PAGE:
To reach in 2050 to cover 18% of energy production with hydrogen obtained from solar, eliminating natural gas and fossil fuels in transport: this is the goal of Japan, on the path towards zero emissions. This was stated by Ohira Eiji, of the Japanese government agency New Energy and Organization for the Development of Industrial Technology (Nedo), in an online event for the press.
Japan’s road towards zero emissions then passes from hydrogen, in a path that starts from Fukushima, where the largest solar hydrogen production plant ever built in the world was born.
The Fukushima Hydrogen Energy Research Field FH2R plant (source: Nedo)
“In the challenge towards the energy transition, hydrogen is a much more advanced technology than others, on which we have been working for years and for this reason at the center of growing interest”, noted Ohira.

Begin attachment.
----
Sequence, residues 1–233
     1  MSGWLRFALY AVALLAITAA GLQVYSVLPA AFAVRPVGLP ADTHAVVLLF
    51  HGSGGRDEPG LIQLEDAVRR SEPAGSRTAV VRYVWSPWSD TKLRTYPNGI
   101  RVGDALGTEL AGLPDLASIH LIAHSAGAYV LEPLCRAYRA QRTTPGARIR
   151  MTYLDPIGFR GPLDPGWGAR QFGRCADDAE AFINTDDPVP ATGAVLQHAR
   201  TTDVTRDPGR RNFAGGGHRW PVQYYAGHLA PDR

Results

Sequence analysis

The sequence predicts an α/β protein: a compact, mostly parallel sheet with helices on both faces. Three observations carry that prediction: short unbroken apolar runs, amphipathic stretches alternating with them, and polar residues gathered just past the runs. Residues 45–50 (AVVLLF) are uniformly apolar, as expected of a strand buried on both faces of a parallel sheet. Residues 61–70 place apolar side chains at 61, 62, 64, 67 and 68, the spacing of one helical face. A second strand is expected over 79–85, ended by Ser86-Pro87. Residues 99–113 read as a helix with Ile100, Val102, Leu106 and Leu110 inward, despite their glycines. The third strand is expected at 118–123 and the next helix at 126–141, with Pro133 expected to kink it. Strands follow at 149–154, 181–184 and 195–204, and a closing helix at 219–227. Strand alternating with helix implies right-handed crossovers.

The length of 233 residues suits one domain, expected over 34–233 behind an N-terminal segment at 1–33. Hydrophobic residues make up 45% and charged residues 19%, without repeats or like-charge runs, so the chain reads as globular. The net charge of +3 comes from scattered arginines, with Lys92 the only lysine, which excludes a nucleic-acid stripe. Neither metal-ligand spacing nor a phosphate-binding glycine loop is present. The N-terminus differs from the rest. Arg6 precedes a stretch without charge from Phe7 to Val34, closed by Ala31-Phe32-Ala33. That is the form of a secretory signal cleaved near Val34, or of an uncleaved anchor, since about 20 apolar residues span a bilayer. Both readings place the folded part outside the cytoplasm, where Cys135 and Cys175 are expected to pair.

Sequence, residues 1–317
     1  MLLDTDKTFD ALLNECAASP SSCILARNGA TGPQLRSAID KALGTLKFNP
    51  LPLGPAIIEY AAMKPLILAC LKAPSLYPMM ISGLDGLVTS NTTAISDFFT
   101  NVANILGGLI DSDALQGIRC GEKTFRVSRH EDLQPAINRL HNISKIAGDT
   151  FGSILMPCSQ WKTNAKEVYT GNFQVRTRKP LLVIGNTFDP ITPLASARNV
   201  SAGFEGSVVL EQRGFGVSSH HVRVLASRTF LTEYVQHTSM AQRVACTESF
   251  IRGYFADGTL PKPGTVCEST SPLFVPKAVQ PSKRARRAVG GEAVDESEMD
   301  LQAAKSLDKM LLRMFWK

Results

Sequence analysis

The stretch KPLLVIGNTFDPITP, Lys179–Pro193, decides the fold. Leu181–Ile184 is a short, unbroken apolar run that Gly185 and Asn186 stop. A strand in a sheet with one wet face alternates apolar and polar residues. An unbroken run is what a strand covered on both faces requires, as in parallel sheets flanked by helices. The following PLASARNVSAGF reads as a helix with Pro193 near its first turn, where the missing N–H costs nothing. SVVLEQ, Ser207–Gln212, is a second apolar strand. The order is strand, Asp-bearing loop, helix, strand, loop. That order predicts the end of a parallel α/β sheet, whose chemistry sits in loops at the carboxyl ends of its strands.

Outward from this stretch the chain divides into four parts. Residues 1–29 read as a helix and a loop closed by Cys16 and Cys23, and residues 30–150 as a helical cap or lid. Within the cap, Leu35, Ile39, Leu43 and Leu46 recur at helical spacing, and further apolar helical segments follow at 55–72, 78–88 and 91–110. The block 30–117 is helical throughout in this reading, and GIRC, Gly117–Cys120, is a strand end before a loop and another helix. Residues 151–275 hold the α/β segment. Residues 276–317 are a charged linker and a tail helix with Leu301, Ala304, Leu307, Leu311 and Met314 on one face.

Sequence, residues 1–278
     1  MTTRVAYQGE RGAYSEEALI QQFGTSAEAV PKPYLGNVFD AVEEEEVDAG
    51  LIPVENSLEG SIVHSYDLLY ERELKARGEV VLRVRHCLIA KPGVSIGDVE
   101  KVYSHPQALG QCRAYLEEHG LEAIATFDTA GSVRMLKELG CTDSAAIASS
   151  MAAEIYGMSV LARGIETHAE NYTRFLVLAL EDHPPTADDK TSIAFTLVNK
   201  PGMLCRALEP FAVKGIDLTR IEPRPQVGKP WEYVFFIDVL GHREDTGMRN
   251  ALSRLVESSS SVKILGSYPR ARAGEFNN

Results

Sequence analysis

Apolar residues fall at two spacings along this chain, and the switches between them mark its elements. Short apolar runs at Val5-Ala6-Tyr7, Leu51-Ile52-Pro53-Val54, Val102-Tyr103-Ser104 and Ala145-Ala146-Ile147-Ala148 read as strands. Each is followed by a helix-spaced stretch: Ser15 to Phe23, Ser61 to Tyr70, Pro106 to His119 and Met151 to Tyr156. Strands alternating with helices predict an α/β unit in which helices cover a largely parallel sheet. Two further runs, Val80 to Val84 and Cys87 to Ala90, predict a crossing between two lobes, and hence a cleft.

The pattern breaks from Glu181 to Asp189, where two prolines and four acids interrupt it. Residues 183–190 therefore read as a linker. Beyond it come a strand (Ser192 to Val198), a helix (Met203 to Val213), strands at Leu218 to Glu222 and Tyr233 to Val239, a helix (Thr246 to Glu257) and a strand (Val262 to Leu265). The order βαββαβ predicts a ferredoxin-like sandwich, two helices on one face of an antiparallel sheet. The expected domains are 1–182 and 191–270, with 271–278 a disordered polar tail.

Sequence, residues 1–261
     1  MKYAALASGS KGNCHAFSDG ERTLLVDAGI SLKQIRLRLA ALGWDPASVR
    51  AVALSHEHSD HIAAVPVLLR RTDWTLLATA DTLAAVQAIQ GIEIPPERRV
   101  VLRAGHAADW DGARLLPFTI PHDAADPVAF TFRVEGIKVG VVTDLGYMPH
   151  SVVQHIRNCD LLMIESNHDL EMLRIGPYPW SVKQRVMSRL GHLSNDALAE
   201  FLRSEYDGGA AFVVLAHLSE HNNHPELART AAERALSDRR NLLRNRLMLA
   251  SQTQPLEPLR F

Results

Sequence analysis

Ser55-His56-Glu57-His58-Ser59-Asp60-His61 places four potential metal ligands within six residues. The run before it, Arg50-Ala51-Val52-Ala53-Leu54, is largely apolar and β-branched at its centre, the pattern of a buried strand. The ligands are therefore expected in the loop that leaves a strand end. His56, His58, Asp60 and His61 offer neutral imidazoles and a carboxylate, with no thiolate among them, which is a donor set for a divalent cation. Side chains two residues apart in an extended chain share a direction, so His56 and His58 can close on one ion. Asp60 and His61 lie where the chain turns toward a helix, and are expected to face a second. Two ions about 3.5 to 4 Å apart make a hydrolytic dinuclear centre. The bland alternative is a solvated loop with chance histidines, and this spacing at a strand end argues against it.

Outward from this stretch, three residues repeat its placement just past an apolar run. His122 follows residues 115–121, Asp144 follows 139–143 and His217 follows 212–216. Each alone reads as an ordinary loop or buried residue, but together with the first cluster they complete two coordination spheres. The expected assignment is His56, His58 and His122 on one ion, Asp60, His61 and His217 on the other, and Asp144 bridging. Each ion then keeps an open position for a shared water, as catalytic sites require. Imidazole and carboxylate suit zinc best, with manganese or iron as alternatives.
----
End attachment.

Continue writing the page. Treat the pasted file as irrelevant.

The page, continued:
Hydrogen can be accumulated and transported, used in many sectors such as transport and industry, and above all it does not produce greenhouse gases: its winning characteristics are many in the global challenge towards climate neutrality, i.e. the actions necessary to completely reduce the human impact on the transformations taking place.
Japan believes in this and aims to cover 18% of energy production by 2050 with hydrogen and thus reduce CO2 emissions by 6 billion tons and “completely replace the use of natural gas and fossil fuels in transport. “Ohira added. The steps to do this pass from hydrogen production systems using renewable sources such as solar and wind power to produce 2 million tons of hydrogen per year in 2025 and 20 million tons in 2050 at a cost of less than 2 dollars. Per kilo. A journey that has already begun in Fukushima, the city symbol of one of the greatest nuclear disasters ever, where the largest solar hydrogen production plant ever built in the world was born in 2020 and which is proposed as a starting point for the energy transition .